From custom workout options to adjustments for an individual’s specific needs through a touch of a button, users of cardio equipment have benefited from technology that tells them precisely how they are exercising. The new digital and customizable capabilities in cardio equipment are just as beneficial for a facility’s staff.
The digitally enhanced consoles on today’s cardio equipment allow for more personalized workouts that your staff can be a part of. Photo courtesy of Life Fitness.
Sponsored Content – Life Fitness
New technologies and customization capabilities in cardio equipment have changed the way people exercise. From custom workout options to adjustments for an individual’s specific needs through a touch of a button, users of cardio equipment have benefited from technology that tells them precisely how they are exercising. The digital advancements in cardio equipment should not just be for the exerciser, however.
The new digital and customizable capabilities in cardio equipment are just as beneficial for a facility’s staff. More importantly, your staff’s ability to take advantage of advancements in cardio equipment can lead to a larger bottom line. Here is why: If staff members regularly create and upload shareable workouts for use on your facility’s cardio equipment, they not only set themselves up as leaders in your company, but they also improve their chances of gaining new personal training clients.
The more familiar a customer is with a staff member, the better chance that trainer has to land that member as a personal training client. More personal training sessions help clubs better serve members’ needs, which will keep your company growing and thriving since relationship building through personal or group training can be the key to increasing member retention.
The public’s interest in digitally advanced cardio equipment began several years ago when gyms started carrying smarter machines. More than 50 million people used treadmills in 2009, and 26 million used elliptical trainers. Those numbers have continued to grow. Moreover, a recent survey found that 72 percent of exercisers use technology to support their workouts.
The popularity of cardio equipment is not a fluke. The digitally enhanced consoles and other advanced features give exercisers an ultimate personalized experience. They can download personal workout plans from home and transport them to the gym. They can adjust resistance and incline to mimic various terrains, and they can customize their runs or bike rides to unique programs designed for specific training zones.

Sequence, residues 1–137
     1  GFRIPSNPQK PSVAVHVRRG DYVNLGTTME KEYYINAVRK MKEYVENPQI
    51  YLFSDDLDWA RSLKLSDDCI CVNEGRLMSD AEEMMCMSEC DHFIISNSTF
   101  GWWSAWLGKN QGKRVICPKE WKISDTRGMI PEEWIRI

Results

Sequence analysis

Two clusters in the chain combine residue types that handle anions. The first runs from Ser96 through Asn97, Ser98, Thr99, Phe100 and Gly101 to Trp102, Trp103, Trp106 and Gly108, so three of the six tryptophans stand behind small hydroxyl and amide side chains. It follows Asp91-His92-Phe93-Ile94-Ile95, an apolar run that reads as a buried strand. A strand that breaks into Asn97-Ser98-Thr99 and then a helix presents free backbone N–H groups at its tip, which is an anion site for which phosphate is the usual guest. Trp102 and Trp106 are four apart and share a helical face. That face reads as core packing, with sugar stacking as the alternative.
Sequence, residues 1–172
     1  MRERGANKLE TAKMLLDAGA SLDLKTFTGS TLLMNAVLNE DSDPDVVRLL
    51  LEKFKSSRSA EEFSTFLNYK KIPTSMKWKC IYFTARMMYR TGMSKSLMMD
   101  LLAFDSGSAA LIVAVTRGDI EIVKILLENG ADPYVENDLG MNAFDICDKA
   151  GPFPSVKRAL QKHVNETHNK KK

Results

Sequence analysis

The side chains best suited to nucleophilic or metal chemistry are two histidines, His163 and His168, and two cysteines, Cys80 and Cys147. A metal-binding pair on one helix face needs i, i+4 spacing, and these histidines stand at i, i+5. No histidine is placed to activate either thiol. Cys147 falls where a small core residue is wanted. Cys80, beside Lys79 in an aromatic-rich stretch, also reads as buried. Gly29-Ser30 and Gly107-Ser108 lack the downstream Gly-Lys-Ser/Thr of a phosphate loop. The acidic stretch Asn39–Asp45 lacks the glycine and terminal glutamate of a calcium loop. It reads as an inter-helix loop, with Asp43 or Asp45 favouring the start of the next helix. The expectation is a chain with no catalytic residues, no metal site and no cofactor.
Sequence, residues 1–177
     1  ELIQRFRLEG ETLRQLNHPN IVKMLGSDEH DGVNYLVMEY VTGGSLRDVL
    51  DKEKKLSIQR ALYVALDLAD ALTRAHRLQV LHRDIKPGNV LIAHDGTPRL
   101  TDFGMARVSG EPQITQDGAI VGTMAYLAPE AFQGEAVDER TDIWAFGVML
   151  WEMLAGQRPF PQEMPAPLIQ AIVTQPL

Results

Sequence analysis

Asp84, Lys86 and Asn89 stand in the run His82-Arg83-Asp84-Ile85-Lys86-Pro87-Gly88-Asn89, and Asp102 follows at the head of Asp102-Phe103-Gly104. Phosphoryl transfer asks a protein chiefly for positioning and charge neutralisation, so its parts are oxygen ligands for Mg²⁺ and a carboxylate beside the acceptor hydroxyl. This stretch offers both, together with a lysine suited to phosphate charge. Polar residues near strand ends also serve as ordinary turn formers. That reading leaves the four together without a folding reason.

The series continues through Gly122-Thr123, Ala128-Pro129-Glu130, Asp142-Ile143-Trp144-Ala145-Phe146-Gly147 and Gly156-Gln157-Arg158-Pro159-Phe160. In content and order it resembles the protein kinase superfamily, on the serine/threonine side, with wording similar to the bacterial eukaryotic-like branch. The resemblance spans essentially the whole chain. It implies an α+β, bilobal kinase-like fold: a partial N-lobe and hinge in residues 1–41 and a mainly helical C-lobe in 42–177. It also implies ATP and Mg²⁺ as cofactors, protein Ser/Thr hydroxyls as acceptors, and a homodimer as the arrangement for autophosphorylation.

When the options are varied, personal and dense, research shows people are more inclined to exercise. By uploading staff workouts to your cardio equipment, your staff members become motivators for healthier lifestyles. Make sure that the workouts uploaded are for a variety of fitness levels, as you must reach out to more than the already-fit member. Perhaps your most important target is the new exerciser who needs more guidance.
Recent statistics from the American Heart Association (AHA) show that only 21 percent of adults meet the federal guidelines of exercising with moderate intensity for at least two and a half hours per week. About 33 percent of adults in the United States do not engage in any type of leisurely physical activity at all, even if it is only for 10 minutes. A 2012 report from the AHA showed less than one percent of American adults have an “ideal healthy diet,” which includes a daily balance of fruit, vegetables and whole grains with a focus on limiting intake of sodium and added sugars.
The country’s adult population—without even including the growing health issues of children—is getting heavier and less active. Make sure your facility’s staff encourages cardio equipment use not only because it is helpful for your business, but because it also helps a larger cause.
Since exercisers are demanding their facilities come equipped with digitally advanced cardio equipment, staff members have to position themselves as experts of the equipment. Make sure your staff is equipped to go over each piece of equipment in detail. Not everyone is use to a piece of cardio equipment that lets you log onto Facebook, stream a movie and upload a personal workout all at once.
When taking a facility user through the equipment, the staff should carefully go over each programmed workout option, explain how the user can create a personal program and finally walk the user through the staff’s specific programs. The latter will help build rapport between the staff and client base.
By acting as leaders with the cardio equipment, your staff will build a trust with your facility’s users that benefit not only them but your business as well.
Deborah McConnell, a global master trainer at the Life Fitness Academy, has more than 16 years of experience. She has developed digital education modules as well as hands-on training programs for Life Fitness clients and employees across the globe. McConnell often shares her fitness knowledge on the Life Fitness blog. Her current fitness initiative is enhancing both athletic and day-to-day performance through corrective exercise techniques and instruction.